was that the flesh of the thick-cut slices was searingly hot, making it hard to bite into & chew, so instead it just sort of slid down, defeating the purpose of actually savoring it. Still, what I could glean was the fineness of both the pickling (the difference between a mass-produced & a small-batch pickle is astounding) & the batter-frying, just so much semitranslucent, golden-brown crackling. (It occurs to me that in terms of its gratifying gloss & pull, its closest referent would be a giant scab, which may sound less appetizing than it does accurate in the absence of a nitpicking fetish. I happen to have one, so the idea perversely appeals.)

Even better was the chewy olive oil–grilled bread topped with roasted mixed mushrooms & excellent whipped ricotta: comfortingly simple, gently savory, satisfying.

In fact, the vegetarian dishes proved the cream of the evening’s crop; roasted root vegetables with heirloom beans from Rancho Gordo, breadcrumbs & herbs were earthy, hearty & creamy not least in their own juices;

if I were a vegetarian with eyes for a carnivore, this would be the dish I’d use as a compatability litmus test. If he merely balked at the lack of meat, I’d chuck him.

By comparison, the sliders—braised meatballs on cheese “gougers,” a cute little typo for gougères

were surprisingly bland, unless you count the too-sweet tomato gravy they were drenched in, making me pine for Elise Wiggins’s veritable glowing spheres of juicy burger joy. And the high hopes I had for the rigatoni with rock shrimp were dashed at 1st bite;

my pal Mo (yes, the namesake of the aforementioned quaff) had questioned the wisdom of going to a restaurant to order a type of pasta that’s invariably boxed rather than house-extruded, & she had a point—might as well boil that up at home. Meanwhile, the sauce seemed to be little but butter, juice from the shrimp, maybe a touch of tomato, & rather too much salt. Surely, however, the fact that ex-Frasca chef Steve Redzikowski trained as a saucier at Le Cirque means he’ll be getting right on those adjustments; no reason this dish can’t be every bit as good as it sounded with a few tweaks.

In short, OAK at Fourteenth is already sprouting forth from the solid bole of jazzy comfort; I expect it be spreading even snazzier boughs in no time.

OAK at Fourteenth on Urbanspoon

Dish of the Week 11/15–11/22: The Closing Act, OAK at Fourteenth

High time I rename this category Dish &/or Drink of the Week, given how often the booze takes the cake. Then again, this particular tipple from brand-new Boulderite OAK at Fourteenth practically was a dessert in itself—a far, far more sophisticated & satisfying one than those milkshakes in a martini glass that pass for cocktails in your average meat market.

With rum, the Italian artichoke bitter known as Cynar, sucanat (whole cane sugar) syrup, egg white, allspice & nutmeg, it evoked eggnog—then revoked it, being far lighter, silkier, savorier, spicier & spikier. In a word: damn.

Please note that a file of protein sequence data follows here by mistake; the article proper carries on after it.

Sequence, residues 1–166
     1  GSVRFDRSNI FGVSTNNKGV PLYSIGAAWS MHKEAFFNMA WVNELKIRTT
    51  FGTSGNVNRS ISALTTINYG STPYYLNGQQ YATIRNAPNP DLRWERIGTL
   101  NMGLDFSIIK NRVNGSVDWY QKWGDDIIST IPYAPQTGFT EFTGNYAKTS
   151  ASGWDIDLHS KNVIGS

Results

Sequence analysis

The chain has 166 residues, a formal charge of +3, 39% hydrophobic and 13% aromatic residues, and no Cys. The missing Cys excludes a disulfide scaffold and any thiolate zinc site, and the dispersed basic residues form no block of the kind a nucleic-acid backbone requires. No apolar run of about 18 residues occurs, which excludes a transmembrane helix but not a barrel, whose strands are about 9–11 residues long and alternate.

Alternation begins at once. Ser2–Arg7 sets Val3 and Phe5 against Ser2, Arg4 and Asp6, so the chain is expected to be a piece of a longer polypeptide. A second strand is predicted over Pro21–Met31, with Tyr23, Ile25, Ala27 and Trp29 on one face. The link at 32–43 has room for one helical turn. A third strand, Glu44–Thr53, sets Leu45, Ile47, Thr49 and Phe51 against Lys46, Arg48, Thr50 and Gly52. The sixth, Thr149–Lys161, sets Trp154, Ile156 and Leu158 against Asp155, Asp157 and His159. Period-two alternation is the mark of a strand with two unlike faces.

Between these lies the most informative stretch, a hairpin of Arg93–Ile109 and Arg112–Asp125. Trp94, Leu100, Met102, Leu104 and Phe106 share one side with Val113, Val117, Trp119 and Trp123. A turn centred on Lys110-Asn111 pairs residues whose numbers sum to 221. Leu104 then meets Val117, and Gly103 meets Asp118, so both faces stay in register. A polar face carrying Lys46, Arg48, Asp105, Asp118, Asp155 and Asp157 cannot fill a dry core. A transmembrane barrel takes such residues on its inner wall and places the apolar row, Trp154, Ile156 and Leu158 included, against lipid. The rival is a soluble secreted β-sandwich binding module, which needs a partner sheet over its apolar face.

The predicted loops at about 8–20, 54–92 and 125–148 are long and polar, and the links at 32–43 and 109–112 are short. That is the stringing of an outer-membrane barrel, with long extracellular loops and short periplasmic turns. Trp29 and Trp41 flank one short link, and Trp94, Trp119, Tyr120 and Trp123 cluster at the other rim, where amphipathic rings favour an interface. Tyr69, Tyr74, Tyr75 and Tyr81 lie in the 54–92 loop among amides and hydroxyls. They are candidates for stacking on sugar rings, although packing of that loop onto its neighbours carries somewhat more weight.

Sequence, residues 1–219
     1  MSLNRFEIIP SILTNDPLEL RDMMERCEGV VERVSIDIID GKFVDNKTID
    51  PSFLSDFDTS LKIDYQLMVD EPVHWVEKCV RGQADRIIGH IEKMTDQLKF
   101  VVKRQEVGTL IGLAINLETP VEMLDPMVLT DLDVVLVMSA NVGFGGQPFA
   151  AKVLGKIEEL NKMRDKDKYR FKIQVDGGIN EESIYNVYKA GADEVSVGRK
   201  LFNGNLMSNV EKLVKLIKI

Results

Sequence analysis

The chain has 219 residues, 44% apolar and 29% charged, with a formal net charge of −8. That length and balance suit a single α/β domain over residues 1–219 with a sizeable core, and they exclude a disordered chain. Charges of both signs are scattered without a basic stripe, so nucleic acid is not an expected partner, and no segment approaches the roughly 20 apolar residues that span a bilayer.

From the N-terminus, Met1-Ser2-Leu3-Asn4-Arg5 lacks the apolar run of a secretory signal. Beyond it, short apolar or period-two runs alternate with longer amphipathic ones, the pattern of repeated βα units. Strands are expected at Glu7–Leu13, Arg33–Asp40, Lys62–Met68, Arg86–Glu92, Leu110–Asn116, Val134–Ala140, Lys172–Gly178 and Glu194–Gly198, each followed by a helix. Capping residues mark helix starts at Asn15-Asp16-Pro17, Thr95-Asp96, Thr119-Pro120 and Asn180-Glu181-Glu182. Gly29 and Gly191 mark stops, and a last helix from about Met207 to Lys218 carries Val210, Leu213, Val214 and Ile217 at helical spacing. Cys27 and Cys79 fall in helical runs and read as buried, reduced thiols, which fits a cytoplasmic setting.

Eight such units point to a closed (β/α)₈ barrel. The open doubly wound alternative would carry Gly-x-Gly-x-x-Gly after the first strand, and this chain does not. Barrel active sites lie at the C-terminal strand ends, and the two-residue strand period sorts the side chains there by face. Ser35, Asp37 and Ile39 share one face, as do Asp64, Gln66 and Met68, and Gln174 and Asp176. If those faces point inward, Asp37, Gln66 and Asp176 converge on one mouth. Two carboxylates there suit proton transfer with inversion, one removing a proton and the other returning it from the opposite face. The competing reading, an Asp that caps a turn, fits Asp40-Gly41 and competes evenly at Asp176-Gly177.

Stay tuned for a full report on the meal.

Dish of the Week: Beatrice & Woodsley’s Hoppin’ Mad

Pretty much the whole shebang that was Beatrice & Woodsley’s Ghosts by Lantern Light Dinner qualified as one long, collective Dish of the Week, but I’m compelled to single out this cocktail.

Combining Milagro Blanco Tequila with carrot juice, apricot brandy, Cascade hops, simple syrup, & lemon & lime juices, it”s like a smoothie with spikes. I repeat, while the kitchen here gets the acclaim it’s due, the bar goes overlooked for its equal flair for invention + execution. Check it out—& as long as you’re at it, kick back with a Cucupeña as well.

Geeks Who Drink: Steamworks Euclidean Pale Ale Debuts at Euclid Hall

Math nerds, beer geeks, food freaks, who cares? We're all wacked out in one way or another. (Does that answer your question?  Sincerely yours, the Breakfast Club.) 

And we're all welcome at Euclid Hall Bar & Kitchen, which, as if it weren't already awesome enough, will as of next Thursday be tapping the 1st in a whole planned line of proprietary beers: Steamworks Euclidian Pale Ale.

The eponymous father of geometry looks kind of sad, but I'm sure he's just busy deducing theorems from a small set of intuitively appealing axioms, such as: 

This EPA, made from entirely local ingredients, contains premium Colorado two-row barley & red wheat malt;
the hops (predomimantly Cascade & Centennial) are organically grown;
the water is first-use water from the San Juan Mountains
It will surely be awesome, especially with just about anything on the menu but the marlin crudo. (Doesn't take a genius to figure that one out.)

Dish of the Week 8/16–8/22: The Beaver Creek Wine & Spirits Festival

Yeah, pretty much the whole shebang (or at least the bits of it I attended), wrapped up in one big shiny bow (click on image to see schedule).